Chinese clubs may still want to sign players in their prime, but this — coupled with recent moves to price players out of coming to China through an unnecessary tax — will make it more difficult to sign the most attractive talents, meaning the league will suffer as a result.

Perhaps most damning of all is the fact that while the CSL would like to think it compares favorably with MLS among the second-tier leagues around the world, Mikel makes quite clear that is not the case:

“I think they are going to struggle to get where they want to be. I think the league in America is on the rise, but for me China is a long way behind them. You can only advance so much by throwing money at something.”

Melbourne Victory

Finally this week, Australian soccer side Melbourne Victory has been left red-faced after effectively being hoodwinked by a Hong Kong-based betting company, who convinced them that their firm’s operations consisted of something else entirely.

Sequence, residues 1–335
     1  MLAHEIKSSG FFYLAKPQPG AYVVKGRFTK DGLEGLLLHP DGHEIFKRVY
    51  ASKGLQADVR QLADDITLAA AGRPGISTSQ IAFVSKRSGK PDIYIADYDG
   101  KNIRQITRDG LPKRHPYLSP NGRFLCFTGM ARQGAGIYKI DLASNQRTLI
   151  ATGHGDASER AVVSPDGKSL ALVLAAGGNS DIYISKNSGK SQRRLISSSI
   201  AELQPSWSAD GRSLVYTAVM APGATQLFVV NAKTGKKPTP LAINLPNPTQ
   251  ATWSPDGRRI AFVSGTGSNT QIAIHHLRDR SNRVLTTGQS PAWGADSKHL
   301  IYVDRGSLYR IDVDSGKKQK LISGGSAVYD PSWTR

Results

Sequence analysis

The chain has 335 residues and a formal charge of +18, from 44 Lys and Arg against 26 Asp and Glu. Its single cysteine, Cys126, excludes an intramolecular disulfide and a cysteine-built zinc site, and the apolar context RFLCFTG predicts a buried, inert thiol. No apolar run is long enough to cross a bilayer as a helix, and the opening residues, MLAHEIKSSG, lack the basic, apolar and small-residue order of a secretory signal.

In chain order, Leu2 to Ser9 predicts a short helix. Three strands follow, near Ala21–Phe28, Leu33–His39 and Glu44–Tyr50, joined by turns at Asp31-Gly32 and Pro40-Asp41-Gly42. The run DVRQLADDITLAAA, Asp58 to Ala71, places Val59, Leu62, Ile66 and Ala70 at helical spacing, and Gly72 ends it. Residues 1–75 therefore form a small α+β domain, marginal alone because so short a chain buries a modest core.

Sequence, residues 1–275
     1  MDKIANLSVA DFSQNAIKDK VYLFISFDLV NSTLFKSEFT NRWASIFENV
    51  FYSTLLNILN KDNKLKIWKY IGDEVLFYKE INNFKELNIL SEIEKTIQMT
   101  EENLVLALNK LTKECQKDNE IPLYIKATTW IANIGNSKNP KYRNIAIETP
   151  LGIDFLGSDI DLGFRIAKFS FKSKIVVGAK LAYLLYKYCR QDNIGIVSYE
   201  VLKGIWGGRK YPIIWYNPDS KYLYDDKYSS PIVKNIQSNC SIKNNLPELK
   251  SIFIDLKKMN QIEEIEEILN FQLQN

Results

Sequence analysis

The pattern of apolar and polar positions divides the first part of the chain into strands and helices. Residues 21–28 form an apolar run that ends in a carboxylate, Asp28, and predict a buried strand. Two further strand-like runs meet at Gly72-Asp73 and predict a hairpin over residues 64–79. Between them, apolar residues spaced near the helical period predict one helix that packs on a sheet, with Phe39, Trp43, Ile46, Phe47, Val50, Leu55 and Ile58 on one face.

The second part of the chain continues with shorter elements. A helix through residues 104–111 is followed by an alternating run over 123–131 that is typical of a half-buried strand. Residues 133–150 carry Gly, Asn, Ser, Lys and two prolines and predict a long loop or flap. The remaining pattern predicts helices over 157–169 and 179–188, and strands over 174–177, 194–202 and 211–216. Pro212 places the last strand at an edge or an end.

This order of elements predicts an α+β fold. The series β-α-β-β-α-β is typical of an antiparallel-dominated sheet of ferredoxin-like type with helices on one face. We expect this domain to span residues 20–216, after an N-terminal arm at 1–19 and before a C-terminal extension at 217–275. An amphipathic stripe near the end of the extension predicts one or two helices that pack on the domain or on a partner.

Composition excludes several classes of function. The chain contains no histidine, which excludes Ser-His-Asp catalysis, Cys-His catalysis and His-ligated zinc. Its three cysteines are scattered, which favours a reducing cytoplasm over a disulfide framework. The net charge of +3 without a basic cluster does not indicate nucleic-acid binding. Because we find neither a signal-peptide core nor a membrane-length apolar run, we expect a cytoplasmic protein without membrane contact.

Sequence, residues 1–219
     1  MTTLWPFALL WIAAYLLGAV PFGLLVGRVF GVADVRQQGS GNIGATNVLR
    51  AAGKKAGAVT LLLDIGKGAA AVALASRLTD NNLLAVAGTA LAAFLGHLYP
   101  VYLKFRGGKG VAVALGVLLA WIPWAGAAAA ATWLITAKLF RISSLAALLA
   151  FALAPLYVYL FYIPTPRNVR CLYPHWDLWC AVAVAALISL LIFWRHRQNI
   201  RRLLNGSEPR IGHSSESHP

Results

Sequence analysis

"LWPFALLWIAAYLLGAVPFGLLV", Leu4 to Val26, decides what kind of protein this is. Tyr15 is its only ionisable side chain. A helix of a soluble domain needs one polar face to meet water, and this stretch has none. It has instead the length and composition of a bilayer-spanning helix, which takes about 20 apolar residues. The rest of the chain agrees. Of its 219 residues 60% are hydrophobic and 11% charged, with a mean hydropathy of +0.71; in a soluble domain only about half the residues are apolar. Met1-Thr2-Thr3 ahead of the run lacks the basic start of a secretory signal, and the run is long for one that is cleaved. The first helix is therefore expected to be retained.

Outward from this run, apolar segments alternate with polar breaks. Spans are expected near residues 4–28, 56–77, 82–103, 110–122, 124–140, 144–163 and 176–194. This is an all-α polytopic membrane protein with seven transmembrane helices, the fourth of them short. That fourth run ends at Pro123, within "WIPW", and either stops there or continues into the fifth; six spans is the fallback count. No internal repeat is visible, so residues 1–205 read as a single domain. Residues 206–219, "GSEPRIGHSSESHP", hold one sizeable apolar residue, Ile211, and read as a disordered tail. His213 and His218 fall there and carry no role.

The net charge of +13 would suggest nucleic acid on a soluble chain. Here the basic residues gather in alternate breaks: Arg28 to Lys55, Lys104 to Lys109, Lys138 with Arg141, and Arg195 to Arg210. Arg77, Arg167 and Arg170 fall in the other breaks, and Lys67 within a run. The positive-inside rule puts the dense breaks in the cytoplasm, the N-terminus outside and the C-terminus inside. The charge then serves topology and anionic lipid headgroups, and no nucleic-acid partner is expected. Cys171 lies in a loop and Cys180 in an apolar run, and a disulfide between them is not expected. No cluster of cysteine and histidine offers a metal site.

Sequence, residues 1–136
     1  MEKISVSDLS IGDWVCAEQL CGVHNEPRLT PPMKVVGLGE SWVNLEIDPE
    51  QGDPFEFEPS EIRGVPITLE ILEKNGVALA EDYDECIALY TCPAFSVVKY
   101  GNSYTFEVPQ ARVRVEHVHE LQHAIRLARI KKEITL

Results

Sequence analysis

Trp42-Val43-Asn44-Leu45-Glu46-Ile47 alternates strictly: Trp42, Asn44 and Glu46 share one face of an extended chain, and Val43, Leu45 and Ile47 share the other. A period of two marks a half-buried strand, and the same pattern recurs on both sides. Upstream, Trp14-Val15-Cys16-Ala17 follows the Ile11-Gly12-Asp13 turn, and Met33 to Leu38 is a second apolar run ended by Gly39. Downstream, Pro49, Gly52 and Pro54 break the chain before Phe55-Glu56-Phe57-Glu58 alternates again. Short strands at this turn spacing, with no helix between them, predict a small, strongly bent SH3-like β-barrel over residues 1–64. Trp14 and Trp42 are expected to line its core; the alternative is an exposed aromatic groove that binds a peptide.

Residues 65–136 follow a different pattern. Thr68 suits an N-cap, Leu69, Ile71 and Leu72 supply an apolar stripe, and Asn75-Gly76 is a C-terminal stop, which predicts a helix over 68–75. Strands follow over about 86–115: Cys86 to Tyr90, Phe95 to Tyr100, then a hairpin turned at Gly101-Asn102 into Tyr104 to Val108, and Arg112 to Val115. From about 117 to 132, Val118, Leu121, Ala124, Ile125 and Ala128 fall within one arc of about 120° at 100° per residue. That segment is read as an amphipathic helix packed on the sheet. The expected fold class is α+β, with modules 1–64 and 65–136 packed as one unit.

Gambling sponsorships are banned in the Asian Champions League (ACL), where Melbourne was playing this week against Korean side Daegu.

Since clubs in the region often only sell sponsorships for domestic games only, they are left with front-of-shirt sponsorships to sell at the last minute for ACL games that will be broadcast to a pan-Asian audience, allowing a wider range of interested parties with whom to negotiate.

But when Melbourne partnered with Kaishi Entertainment, some observers pointed out that the firm’s logo bore more than a passing resemblance to gambling firm Kashbet.

The club doubled down with now-deleted tweets and a statement arguing that Kaishi was in fact a media agency and that the sponsorship had been approved by the ACL.

But Kaishi and Kashbet appear to be little more than two parts of the same whole, and it didn’t take long for them to buckle after the link was established.

In the end, they were forced to remove the logo from their shirts and played the game in Korea without a sponsor at all.

The club may have ditched the Chinese betting, but it’s still betting on the Chinese market: It recently signed with Chinese TV brand TCL for this season’s remaining ACL games. No doubt the club is wishing they’d done so one week earlier.

The China Sports Column runs every Friday on SupChina. Follow Mark Dreyer @DreyerChina.